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As the bittersweet arrival of the last of the northwest blueberries coincides with the happy coming of the first glorious Colorado peaches, the two together feel exactly like a match made in heaven in my kitchen on a beautiful cool morning.  With just a smidge over 5 cups of beginning-to-pucker and wilt Oregon blueberries in the fridge, I had not quite enough for a 9-inch pie. A case of peaches sat wafting their keen aroma from the mudroom, so I followed my nose out there and snagged a couple of not-too-ripe beauties to peel and slice for the bottom of the pie, filling that empty extra inch of space. The buttery sweetness from the berry mixture on top would provide plenty of juicy goodness for the still somewhat tangy peaches.  Making something with peaches that aren’t quite ripe or up-to-snuff?  Add a pinch of ground mace to increase their flavor.

Palisade Peaches two days ago at Whole Foods in Colorado Springs

I wish peach and blueberry pie had a name. Peach and raspberry pie is called a Peach Melba, but somehow my sweetie pie didn’t seem to every earn its own title. Perhaps I’ll come up with one. Or you will.  We’ll let our friends Jeanne and Tony try, too; the pie’s for dessert after dinner with them Thursday night. Until we have a name, though, try this:

PEACH-BLUEBERRY SWEETIE PIE

makes a 9-inch pie                        6-8 servings

Joy of Baking pie dough video link at bottom. She has a bit different method than mine, but it’s very well done and easy to follow. A video is sometimes simpler to understand than all of these written directions!  Keep making pie as it’s well worth the effort.  Whatever it looks like the first time or two, it will taste many times better than anything you buy and you will be someone’s very loved person if you make their favorite pie. If you do give up on the dough,  buy the refrigerated version (*not the frozen variety) at the store and make the pie anyway; it’ll still be very worth eating.

INGREDIENTS:

PIE DOUGH INGREDIENTS  for Two-Crust, 9 or 10-inch pie  

             You’ll have dough leftover for pie dough cookies* if you make the 9-inch.

  • 2 2/3 cups unbleached white flour
  • 1 1/2 teaspoons kosher salt
  • 1 cup (8 ounces or two sticks), very cold or frozen butter—cut into pieces about 1 tablespoon (1 ounce) each   I like salted butter, but you can use unsalted if you prefer.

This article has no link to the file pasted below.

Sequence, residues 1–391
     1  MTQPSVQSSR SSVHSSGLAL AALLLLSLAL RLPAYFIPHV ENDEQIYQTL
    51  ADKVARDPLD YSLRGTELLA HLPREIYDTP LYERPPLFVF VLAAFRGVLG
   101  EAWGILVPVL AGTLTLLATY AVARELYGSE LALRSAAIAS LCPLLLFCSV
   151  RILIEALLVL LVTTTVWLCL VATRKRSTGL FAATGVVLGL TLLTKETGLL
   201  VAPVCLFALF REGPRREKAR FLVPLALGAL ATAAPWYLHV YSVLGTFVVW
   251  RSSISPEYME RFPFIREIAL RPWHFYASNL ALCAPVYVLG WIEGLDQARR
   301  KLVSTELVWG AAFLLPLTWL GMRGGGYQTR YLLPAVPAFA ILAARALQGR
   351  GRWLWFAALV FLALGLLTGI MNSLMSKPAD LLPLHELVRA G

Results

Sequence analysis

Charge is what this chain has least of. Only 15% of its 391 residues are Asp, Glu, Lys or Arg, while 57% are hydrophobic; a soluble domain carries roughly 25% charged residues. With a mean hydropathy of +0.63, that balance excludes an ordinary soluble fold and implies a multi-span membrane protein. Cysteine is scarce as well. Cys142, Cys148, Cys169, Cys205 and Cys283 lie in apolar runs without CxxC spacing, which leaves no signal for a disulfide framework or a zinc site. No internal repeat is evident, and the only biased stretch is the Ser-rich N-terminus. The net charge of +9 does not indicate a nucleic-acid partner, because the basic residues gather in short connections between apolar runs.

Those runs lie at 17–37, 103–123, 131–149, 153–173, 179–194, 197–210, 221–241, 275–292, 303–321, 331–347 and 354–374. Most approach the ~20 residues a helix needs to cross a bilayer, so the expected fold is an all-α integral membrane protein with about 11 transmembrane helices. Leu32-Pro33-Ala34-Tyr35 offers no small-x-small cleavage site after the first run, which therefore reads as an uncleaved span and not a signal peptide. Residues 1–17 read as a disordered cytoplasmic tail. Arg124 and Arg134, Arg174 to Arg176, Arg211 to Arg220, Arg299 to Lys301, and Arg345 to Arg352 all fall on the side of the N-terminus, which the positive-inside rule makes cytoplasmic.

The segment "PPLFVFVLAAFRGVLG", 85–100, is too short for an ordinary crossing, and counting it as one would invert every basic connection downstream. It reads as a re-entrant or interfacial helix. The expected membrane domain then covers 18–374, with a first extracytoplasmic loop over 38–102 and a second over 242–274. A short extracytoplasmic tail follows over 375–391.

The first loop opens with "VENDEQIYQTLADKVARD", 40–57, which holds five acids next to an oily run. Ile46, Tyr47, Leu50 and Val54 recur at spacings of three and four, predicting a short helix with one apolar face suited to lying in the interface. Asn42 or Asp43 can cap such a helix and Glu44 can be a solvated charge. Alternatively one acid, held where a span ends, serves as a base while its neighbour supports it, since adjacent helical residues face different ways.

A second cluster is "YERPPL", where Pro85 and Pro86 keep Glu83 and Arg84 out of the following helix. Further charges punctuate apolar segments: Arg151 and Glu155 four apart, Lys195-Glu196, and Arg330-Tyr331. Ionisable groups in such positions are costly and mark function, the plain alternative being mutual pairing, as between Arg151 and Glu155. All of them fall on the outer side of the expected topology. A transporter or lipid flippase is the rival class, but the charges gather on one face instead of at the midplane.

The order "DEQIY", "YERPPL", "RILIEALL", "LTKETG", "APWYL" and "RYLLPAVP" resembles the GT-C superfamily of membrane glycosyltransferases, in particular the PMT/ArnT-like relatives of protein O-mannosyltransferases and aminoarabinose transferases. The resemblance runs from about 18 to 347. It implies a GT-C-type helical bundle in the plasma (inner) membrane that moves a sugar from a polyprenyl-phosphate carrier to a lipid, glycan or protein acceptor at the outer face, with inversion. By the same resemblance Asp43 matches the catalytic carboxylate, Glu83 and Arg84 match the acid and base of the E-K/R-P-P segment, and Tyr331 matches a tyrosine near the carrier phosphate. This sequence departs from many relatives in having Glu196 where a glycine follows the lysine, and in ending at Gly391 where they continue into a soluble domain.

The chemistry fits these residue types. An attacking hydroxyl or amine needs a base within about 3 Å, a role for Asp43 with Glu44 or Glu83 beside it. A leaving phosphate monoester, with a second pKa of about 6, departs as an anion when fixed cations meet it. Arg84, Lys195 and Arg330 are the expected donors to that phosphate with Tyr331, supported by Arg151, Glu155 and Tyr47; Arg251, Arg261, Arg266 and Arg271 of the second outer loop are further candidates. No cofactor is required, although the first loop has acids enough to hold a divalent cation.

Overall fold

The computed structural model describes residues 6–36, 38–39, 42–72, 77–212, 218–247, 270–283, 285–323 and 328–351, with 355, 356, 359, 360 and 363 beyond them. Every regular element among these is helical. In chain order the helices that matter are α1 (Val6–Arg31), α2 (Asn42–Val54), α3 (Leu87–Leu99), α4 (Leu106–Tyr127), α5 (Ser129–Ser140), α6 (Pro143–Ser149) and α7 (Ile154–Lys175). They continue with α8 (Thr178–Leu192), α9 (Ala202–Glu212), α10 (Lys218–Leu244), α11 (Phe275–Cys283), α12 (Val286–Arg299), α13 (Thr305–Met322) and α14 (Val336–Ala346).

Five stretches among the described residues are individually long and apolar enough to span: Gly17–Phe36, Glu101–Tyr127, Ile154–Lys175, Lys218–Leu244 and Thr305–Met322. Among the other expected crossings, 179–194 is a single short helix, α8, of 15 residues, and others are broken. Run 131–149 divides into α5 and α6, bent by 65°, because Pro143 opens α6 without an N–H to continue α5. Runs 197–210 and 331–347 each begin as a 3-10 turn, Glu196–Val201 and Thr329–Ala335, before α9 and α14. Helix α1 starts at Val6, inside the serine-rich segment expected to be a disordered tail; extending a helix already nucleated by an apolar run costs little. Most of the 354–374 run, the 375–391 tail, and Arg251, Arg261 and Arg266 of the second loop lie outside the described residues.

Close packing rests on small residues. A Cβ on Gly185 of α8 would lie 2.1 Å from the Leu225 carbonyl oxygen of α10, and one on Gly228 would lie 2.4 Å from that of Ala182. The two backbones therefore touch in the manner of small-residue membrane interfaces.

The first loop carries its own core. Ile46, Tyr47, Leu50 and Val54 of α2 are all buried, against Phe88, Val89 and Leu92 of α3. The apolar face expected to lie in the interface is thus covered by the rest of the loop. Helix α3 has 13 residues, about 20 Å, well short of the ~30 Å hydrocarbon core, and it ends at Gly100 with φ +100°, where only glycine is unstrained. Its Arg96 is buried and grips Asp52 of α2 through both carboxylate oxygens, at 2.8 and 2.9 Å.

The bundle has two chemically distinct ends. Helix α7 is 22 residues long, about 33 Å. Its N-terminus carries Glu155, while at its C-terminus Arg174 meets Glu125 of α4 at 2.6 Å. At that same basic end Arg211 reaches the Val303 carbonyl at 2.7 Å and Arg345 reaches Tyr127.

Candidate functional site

• ½ cup (4 ounces) ice water or a bit more if needed  (I measure 1/2 cup into a liquid measuring cup, add 2 ice cubes, use that, and add more if I need it.)

FILLING INGREDIENTS:

  • 2 large peaches, peeled, pitted, and sliced thinly–to be placed on the bottom of the pie crust before adding the blueberry filling
  • 5 cups fresh or frozen blueberries
  • 4 tablespoons white, all-purpose unbleached flour
  • 3/4 cup granulated sugar– plus a little more for dusting the top of the pie before baking
  • 1/2 teaspoon kosher salt
  • 2 tablespoons butter, cut into very tiny pieces–to be placed on top of the filling before the second crust is added

DIRECTIONS:

Make the dough–   

1. Place flour, salt, and cold butter in a food processor or regular bowl.  Using the steel blade, two knives, a pastry cutter, or your fingertips, cut the butter into the flour and salt until dough is peppered with several different size pieces of fat and flour.

2. With machine running, or while stirring, pour ice water into dough in a steady stream.  Process or stir (you can use your hands, but the warmth isn’t the best thing for pie dough) until the dough just barely comes together.  Remove carefully from bowl or food processor, if using, and knead a bit, to bring dough together.

3. Form into a large ball quickly and cut into two even halves.  Wrap each well and refrigerate for 30 minutes.  (See Baker’s Note below for immediate rolling.)

Make the filling–

4. Stir together gently the ingredients for the blueberry filling (blueberries, sugar, flour, salt) except for the last 2 tablespoons of pieces of butter. Set aside briefly while you roll out the dough. The sliced peaches will go in by themselves before the blueberry filling.

Roll out the dough, fill the pie, add the top crust, and crimp–
 

5.  Remove one piece of dough from the refrigerator and roll out evenly between two sheets of waxed paper on a damp counter. Or roll out on floured counter with floured rolling pin, lifting and turning dough a few times while rolling to keep dough from sticking. Place the pie pan upside down on the dough to measure and make sure you’ve rolled the dough large enough; it should be at least an inch larger than the pie plate.